So what she was saying: Google now requires that all claims, be made with a disclaimer. But that isn’t enough. You must have all disclaimers in the same font size as the rest of your text. Really? Since when did “the fine print”, just become “the print”?

Anyways. We now had our work cut out for us if we hoped to have things fixed by Monday to ask for the site to be reviewed again.

We Asterisked the sh*t out of everything*

When I say everything I mean everything!

There are so many asterisks on the site now, it almost looks like a style choice… kind of like check marks for bullets.

we also hyperlinked all of the asterisks to a HUGE disclaimer in the footer of the site that looks like this:

Results May Vary

Yes the 100% Satisfaction Money-Back Guarantee was my addition, and yes it is linked to the money-back guarantee page.

Even though we are required to say “no guarantee of results”, this company truly believes that if it doesn’t work they don’t want you to have wasted your money!

This was a monumental task across hundreds of pages on the site over the weekend.

Monday was upon us

I called the Google Rep helping me on this situation first thing Monday morning to let her know that we were ready.

Funny thing happened. She looked at the site and told me, we hadn’t added a disclaimer to all of the “reviews” on the site.


Every review on the site had to have a disclaimer added? WTF?!?

She said she could submit it, but if she did she was sure it would be rejected, which would make it that much harder to get approved the next review.

We dug in and got every single one of the customer reviews” with an asterisk added across the entire site! We are talking thousands of reviews!

– as another aside… I don’t see sites like Amazon disclaiming every single review across their site –

Just before end of day on Monday we sent off an email saying we got it all done, and proceeded to wait to see what would happen.


Less than 24 hours later, we got the call and email we had been hoping for… everything was approved and the site ban was lifted across AdWords!

What can you learn from this?

  1. Google is God. If you play in Google’s playground expect to abide by their rules! It doesn’t matter if the FTC is cool with the way you are advertising.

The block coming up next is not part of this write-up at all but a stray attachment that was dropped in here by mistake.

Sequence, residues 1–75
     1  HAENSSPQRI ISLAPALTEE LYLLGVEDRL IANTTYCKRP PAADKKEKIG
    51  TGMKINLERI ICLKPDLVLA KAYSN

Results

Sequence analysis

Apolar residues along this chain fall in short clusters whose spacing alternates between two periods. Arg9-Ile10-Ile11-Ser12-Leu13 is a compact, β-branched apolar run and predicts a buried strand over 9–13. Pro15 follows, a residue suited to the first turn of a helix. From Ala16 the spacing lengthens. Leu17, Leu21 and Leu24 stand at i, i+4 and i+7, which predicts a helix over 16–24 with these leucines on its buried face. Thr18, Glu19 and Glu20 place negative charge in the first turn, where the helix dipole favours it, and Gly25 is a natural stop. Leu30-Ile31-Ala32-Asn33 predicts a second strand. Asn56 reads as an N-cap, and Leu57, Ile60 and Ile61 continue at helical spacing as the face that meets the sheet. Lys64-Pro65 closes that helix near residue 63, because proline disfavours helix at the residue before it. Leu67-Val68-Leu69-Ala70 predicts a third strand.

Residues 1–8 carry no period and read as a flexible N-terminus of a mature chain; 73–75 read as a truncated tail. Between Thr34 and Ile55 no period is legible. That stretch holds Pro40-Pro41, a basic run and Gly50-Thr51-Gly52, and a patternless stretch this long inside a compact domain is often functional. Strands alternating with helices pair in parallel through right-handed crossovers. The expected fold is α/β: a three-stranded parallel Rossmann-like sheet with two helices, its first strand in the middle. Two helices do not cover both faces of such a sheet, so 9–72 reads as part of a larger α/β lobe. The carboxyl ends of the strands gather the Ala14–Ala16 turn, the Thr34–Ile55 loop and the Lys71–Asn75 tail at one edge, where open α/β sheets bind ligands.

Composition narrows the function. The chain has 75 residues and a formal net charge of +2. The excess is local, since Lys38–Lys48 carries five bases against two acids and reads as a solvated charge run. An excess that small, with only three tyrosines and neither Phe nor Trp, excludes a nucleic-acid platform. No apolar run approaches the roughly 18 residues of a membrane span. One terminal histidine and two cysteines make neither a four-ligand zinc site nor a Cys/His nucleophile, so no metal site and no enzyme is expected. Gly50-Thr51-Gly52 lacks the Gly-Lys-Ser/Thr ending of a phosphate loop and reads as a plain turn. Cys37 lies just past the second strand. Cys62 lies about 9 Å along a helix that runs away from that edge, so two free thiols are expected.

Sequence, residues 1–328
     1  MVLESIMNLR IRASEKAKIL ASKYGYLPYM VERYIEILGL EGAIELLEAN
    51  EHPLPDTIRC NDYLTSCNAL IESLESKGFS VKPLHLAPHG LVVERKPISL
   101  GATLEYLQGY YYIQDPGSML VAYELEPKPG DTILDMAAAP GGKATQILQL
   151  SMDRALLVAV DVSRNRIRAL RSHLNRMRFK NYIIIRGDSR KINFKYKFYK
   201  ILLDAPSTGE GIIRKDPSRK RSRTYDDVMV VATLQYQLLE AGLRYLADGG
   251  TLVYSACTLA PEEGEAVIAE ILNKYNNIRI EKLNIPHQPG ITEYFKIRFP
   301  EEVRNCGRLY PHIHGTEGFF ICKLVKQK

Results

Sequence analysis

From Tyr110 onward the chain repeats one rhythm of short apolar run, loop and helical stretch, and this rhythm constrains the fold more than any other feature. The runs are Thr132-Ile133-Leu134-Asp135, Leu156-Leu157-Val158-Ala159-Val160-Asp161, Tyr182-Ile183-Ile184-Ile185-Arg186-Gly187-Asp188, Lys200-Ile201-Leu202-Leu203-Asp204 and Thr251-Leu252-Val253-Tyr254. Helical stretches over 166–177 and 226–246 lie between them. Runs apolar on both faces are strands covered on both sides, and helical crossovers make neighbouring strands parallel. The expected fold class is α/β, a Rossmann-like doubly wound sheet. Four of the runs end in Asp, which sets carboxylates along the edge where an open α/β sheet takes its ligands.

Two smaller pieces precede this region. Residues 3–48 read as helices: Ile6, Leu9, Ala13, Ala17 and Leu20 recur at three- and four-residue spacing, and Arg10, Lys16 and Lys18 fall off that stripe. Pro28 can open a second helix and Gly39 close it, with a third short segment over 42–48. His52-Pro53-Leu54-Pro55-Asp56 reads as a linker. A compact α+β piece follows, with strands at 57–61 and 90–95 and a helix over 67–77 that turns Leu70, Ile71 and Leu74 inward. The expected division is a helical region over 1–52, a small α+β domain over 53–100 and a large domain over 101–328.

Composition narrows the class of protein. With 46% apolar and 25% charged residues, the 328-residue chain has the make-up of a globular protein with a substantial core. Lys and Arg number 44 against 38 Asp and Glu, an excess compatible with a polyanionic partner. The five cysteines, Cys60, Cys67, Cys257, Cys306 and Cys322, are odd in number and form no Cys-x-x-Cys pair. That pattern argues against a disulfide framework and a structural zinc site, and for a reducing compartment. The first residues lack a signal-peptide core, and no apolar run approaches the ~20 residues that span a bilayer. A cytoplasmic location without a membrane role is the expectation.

2. It’s better to be safe than sorry! – The rep I spoke with said she is seeing 7-8 sites a week getting hit with these exact site bans. So if you don’t have this type of disclaimer implemented, I would do it, or run the risk of waking up one day to your AdWords campaigns not running
  3. Supplement & Health product companies are particularly susceptible to this policy.
  4. A human is making a judgement call on what they feel is acceptable and what isn’t (this kind of sucks). I asked for the policy in writing so we could make sure to avoid any future incursions and was simply given the support URL – nowhere in that article does it say you have to have a disclaimer on every single potential claim
  5. Our conversion rates have not suffered because of this – does this mean your conversion rate won’t be impacted? Of course not. But what it means is it didn’t have a completely negative impact on our conversion rate. (this advertiser just had one of their best days all year)

One curiosity to me, was for some reason even though the site was banned. Their shopping campaigns were still running.

Again to be clear. I am simply sharing this, in hopes that other advertisers do not have similar experiences and loss of revenue. Take it or leave it. But my advice would be to change your sites and comply before the Google God’s randomly decide to shut down your site from advertising.

*(I am not sure asterisked is really a word)

Any Google Compliance horror stories you have experienced?